Featured Research

from universities, journals, and other organizations

Researchers identify strategy for passing tanning bed legislation

Date:
March 23, 2010
Source:
Boston University Medical Center
Summary:
Researchers have found that when attempting to pass tanning bed legislation, successful advocates collaborate with local and national organizations and lobbyists and have direct contact with the sponsoring legislator to aid in the passage of the bill. These findings also identify strong lobbying efforts by the tanning bed industry as the biggest barrier to passing tanning bed legislation.

Researchers from Boston University School of Medicine (BUSM) have found that when attempting to pass tanning bed legislation, successful advocates collaborate with local and national organizations and lobbyists and have direct contact with the sponsoring legislator to aid in the passage of the bill.

Related Articles


These findings, which appear on-line in the Journal of the American Academy of Dermatology, also identify strong lobbying efforts by the tanning bed industry as the biggest barrier to passing tanning bed legislation.

Recent research concludes that there is a strong correlation between ultraviolet exposure via tanning beds before age 35 and malignant melanoma and squamous cell cancer. This research also shows an association of younger age of exposure to tanning booths and greater risk of skin cancer. Nearly all U.S. studies have found that an estimated one-third of teenaged girls report using tanning beds with 12 to 13 years being a common age of onset and 17 years being the most common age for use. Furthermore, a recent increased incidence of both thinner and thicker melanomas has been noted in young women aged 15-39. This is thought to be related to tanning bed use in women born after 1965.

In order to determine the resources required to pass tanning bed legislation and identify key barriers to its passage, the researchers surveyed legislators and advocates in 15 states where tanning bed bills were proposed in 2006.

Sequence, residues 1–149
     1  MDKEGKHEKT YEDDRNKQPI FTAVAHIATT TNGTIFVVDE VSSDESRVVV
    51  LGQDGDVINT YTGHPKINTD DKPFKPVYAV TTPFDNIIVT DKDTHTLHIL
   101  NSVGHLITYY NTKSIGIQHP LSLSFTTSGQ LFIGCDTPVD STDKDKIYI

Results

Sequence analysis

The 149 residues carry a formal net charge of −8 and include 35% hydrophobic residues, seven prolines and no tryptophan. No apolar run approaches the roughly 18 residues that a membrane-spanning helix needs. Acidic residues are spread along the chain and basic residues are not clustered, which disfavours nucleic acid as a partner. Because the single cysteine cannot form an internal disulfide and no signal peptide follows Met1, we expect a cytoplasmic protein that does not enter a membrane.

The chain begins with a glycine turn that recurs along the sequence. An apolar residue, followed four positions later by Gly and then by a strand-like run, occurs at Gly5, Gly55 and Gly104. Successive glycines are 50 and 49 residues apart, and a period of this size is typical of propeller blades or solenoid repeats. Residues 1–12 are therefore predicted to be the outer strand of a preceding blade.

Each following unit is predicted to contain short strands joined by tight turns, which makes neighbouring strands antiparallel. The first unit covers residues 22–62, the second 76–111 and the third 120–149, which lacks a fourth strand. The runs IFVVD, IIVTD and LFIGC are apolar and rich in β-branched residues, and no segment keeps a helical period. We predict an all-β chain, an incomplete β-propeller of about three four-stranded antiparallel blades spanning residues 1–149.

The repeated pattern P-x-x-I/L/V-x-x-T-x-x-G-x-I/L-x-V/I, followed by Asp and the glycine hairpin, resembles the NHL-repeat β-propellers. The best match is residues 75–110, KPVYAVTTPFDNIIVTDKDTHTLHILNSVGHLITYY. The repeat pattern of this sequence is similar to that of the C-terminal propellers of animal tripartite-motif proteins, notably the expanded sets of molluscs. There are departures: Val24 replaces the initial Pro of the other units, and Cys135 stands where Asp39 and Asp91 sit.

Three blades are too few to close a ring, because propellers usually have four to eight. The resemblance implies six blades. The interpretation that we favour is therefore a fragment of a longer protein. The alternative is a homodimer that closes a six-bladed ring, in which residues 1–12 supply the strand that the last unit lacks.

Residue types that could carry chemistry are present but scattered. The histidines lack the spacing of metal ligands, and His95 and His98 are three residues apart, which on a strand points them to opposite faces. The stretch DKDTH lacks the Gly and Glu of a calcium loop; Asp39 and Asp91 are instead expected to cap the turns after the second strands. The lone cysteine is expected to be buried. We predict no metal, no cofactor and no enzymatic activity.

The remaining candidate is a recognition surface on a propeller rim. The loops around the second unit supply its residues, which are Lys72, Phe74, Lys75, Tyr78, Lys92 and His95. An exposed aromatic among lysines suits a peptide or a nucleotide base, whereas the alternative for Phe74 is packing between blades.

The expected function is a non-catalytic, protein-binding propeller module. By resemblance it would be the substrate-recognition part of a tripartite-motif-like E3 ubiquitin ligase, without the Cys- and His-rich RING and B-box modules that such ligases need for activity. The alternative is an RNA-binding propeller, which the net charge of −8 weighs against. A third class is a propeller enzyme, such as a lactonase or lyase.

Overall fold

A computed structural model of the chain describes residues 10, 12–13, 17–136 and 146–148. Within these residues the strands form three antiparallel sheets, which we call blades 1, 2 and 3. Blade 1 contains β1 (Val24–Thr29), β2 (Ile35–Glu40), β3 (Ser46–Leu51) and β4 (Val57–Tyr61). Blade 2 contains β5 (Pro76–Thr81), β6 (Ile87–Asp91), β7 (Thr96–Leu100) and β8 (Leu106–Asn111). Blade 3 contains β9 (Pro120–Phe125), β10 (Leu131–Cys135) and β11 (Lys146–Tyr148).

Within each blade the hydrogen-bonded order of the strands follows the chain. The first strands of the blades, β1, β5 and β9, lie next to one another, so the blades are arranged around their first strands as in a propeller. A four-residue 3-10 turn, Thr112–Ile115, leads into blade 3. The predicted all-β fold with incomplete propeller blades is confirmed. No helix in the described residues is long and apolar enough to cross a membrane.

The researchers identified a number of resources that assisted in passing tanning bed legislation, such as discussion with the sponsoring legislator and use of a lobbyist. The advocates also reported identifying knowledgeable health care providers, researchers and public health advocates who were able to respond to industry concerns. Finding the most current data on the health effects of tanning beds and providing experts for testimony was also identified as important for passing legislation.

Strong lobbying efforts by the tanning bed industry was the biggest obstacle to passing legislation. In addition, the researchers found that difficulty obtaining support from other advocacy organizations, problems obtaining scientific data and identifying the right legislator were all barriers to passing legislation.

"By studying the characteristics that lead to passage of tanning bed legislation we may be able to aid future advocates and legislators in passage of effective bills," said senior author Marie-France Demierre, MD, FRCPC, director of the Skin Oncology Program at BUSM.. "This in turn may reduce youth exposure to ultraviolet light and ultimately reduce rates of melanoma," she added.


Story Source:

The above story is based on materials provided by Boston University Medical Center. Note: Materials may be edited for content and length.